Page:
Russian Prime Minister Vladimir Putin recently announced that Russia, Belarus, and Kazakhstan have abandoned their separate talks to join the WTO. Instead, they would seek to enter the world trade body as a single customs union. In effect, this means that Russia seems to be casting aside its accession to the WTO — a major reversal of Russian strategy.
Putin’s statement hit like a bolt from the blue. Two days earlier, US Trade Representative Ron Kirk and EU Trade Commissioner Catherine Ashton had completed successful talks on Russia’s accession to the WTO with Putin’s first deputy, Igor Shuvalov, Finance Minister Alexei Kudrin and Minister of Economy and Development Elvira Nabiullina. As late as June 3, Putin had declared himself sure of Russia’s “swift joining of the WTO.”
The leaders of Belarus or Kazakhstan seemed equally surprised by Putin’s statement, especially as Russia had just prohibited almost all imports of dairy products from Belarus in a protectionist ploy. After 16 years of negotiations, Russia appeared poised to join the WTO within a couple of months.
Indeed, only three difficult hurdles remained. First, Ukraine demands a bilateral protocol on market access, which would force Russia to abolish roughly 100 trade sanctions, primarily in agriculture. The second obstacle is border controls with Georgia, a mainly political issue: whether Abkhazia and South Ossetia are independent, as Russia maintains, or are part Georgia, as the rest of the world believes. Finally, the EU insists that Russia abolish planned prohibitive export tariffs on lumber. Only the Georgian issue is really serious.
A customs union with Belarus and Kazakhstan is no alternative to Russia’s WTO accession. No countries have ever entered the WTO collectively, nor is this legally possible says WTO Director-General Pascal Lamy. Moreover, while the customs union was proclaimed in 1995, the earliest it can be formed is in July 2011, which is unlikely.
Predominantly a commodity exporter, Russia has less need for the WTO than a manufacturer like China. Even so, one-fifth of Russia’s exports comprise metals and chemicals that are sensitive to anti-dumping measures. A series of World Bank and Russian studies have estimated that Russia can gain 0.5 percentage points to 1 percentage point in economic growth for half a decade if it joins the WTO.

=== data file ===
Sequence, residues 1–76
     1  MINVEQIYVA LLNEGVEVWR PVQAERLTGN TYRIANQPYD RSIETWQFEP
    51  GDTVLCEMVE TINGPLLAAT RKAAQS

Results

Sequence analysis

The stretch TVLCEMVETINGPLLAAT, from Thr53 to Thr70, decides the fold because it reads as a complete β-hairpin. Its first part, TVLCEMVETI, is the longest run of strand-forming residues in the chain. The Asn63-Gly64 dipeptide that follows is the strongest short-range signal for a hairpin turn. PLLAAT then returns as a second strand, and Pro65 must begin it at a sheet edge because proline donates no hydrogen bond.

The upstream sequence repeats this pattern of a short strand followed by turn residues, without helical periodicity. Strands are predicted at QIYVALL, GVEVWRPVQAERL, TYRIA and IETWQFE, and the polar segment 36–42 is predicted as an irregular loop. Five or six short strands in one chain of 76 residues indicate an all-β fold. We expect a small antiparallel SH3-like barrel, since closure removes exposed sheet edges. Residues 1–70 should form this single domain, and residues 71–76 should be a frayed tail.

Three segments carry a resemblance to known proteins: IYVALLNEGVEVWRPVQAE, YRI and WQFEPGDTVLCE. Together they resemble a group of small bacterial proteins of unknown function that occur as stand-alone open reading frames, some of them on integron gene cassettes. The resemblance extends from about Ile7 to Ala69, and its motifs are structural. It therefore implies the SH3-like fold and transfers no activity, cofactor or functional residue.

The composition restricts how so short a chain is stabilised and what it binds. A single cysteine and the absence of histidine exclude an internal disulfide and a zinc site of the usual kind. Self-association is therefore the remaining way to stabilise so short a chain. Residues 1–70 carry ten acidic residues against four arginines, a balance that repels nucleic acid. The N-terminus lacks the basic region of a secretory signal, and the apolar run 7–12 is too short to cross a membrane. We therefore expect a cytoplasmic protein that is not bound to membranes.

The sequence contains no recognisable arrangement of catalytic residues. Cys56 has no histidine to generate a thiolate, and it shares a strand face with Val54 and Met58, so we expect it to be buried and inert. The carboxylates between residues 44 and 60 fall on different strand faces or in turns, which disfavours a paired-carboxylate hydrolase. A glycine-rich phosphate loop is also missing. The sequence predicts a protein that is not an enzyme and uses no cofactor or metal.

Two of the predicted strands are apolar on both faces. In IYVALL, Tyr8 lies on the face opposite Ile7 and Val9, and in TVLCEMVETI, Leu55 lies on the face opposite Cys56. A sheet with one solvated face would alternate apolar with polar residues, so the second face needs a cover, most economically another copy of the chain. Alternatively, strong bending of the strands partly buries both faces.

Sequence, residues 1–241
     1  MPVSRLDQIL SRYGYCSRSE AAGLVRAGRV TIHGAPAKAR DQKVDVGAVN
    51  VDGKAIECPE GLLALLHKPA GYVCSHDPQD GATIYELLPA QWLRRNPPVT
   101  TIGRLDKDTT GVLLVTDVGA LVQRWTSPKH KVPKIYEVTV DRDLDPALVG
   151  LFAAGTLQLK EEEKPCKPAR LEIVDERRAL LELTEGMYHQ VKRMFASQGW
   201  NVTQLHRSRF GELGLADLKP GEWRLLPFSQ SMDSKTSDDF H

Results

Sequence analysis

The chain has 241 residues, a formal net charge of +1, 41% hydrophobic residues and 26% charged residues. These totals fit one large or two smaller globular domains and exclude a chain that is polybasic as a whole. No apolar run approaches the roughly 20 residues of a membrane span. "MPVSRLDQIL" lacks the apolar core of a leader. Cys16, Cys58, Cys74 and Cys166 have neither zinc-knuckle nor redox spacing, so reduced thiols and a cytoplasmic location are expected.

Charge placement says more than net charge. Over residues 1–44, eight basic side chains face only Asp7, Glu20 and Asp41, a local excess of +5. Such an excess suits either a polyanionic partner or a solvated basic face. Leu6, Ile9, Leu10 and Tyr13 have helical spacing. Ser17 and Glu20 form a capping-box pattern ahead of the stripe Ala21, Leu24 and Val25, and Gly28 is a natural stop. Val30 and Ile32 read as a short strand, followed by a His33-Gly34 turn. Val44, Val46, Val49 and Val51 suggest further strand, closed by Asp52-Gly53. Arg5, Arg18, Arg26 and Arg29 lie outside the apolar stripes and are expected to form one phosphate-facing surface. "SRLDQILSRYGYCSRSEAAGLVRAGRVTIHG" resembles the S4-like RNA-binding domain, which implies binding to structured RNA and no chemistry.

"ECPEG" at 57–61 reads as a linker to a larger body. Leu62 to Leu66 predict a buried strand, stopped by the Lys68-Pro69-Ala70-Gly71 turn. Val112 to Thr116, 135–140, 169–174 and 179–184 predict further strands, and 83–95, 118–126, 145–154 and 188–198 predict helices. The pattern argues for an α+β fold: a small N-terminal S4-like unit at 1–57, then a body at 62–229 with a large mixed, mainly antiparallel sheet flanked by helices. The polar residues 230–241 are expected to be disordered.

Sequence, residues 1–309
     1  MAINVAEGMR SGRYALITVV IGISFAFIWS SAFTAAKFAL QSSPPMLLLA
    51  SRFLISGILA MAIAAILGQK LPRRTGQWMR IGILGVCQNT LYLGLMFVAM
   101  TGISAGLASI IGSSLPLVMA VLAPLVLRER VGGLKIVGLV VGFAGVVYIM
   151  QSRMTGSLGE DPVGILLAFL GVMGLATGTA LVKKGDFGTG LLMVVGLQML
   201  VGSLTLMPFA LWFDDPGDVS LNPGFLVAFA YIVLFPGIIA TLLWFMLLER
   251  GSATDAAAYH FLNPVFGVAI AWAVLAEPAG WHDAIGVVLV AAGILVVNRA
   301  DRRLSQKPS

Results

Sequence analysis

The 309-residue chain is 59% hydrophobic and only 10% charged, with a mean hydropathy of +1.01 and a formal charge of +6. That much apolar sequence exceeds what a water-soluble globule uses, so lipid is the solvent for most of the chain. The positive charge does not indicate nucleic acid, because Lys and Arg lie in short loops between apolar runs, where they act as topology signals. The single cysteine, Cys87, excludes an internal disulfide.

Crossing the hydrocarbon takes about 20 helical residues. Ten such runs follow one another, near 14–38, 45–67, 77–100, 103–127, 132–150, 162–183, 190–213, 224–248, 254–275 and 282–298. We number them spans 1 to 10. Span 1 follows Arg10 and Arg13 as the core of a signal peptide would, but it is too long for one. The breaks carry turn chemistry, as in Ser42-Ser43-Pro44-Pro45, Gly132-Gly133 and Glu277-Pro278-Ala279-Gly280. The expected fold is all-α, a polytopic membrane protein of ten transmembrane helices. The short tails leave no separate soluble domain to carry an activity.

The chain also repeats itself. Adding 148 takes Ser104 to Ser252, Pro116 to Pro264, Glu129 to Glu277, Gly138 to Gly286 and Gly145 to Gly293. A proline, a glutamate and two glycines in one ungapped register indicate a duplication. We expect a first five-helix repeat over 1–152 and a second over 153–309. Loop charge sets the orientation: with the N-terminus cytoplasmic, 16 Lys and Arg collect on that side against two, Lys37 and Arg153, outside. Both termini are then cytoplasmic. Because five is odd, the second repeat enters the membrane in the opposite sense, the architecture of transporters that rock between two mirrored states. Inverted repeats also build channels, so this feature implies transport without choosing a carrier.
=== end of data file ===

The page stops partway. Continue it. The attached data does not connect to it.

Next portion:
Membership is also important for Russia’s international standing. It is the only G20 country outside of the WTO, which accounts for 96 percent of global trade. The WTO also represents a choice of economic and political strategy. Before Putin resigned as president in May last year, he presented his “Russia 2020” program. Its heart was an “innovation strategy” based on more market reforms and investment in human capital, leading to annual growth of 6 percent to 7 percent. In their rhetoric, Russian President Dmitri Medvedev and his technocrats embrace this vision.
But Putin and his siloviki (political allies whose power base is in the security apparatus) seem to prefer an “inertia strategy,” the worst of the Russia 2020 scenarios. This strategy amounts to state capitalism, living on Russia’s energy wealth, and doing nothing to curtail Russia’s massive red tape and corruption.
By reversing course on the WTO, Putin has again shown himself to be Russia’s master. He did the same thing last summer by lashing out against a successful mining and metallurgical company, Mechel, and provoking the war in Georgia.
During the winter, Putin’s poor policy choices on the financial crisis undermined his power. Rather than shielding Russia’s private enterprises, he engineered a domestic liquidity freeze, which led to a sharp drop in GDP of 9.5 percent in the first quarter of this year, despite Russia’s huge foreign reserves. The pragmatic technocrats took over, but the subsequent doubling of oil prices signals that the danger for Russia’s economy is over for now, so the siloviki are resuming command.
The question is what their next step will be. The prominent Russian military analyst Pavel Felgenhauer insists that their prime aim is to finish off Georgia and its president, Mikheil Saakashvili, who remains in power and defiant. Georgia has received no military support and is virtually undefended. The Kremlin continues its propaganda offensive against Georgia, and has vetoed prolonging the mandate for UN observers in Georgia and Abkhazia. A major Russian military maneuver, Caucasus 2009, is underway. The last such maneuver, Caucasus 2008, was followed by the invasion of Georgia.
During the latter part of this maneuver next Wednesday and Thursday, US President Barack Obama is supposed to meet Medvedev in Moscow. Medvedev obviously hopes to reach out and improve Russia’s and his own standing in the world. The siloviki, however, prefer Russia isolated and authoritarian, with power securely in their hands.
The Kremlin wants a new strategic arms control agreement, but the siloviki desire nothing more. Obama’s administration had hoped for a final breakthrough in Russia’s WTO talks, but Putin’s actions have eliminated prospects for such an outcome. The US also wants progress on the territorial integrity of former Soviet states, such as Georgia, but that, too, is unlikely. Putin or his collaborators seem to be setting up Medvedev for a failure, suggesting that their jealousy of Medvedev’s limited power is greater than their interest in defending Russia’s national interests.
Yet there is still hope that Putin encounters a sufficiently negative reaction that he changes his stance on WTO accession. After all, he suspended Russia’s WTO accession talks after war in Georgia last August, only to allow them to restart this spring.
Anders Aslund is a senior fellow at the Peterson Institute for International Economics.
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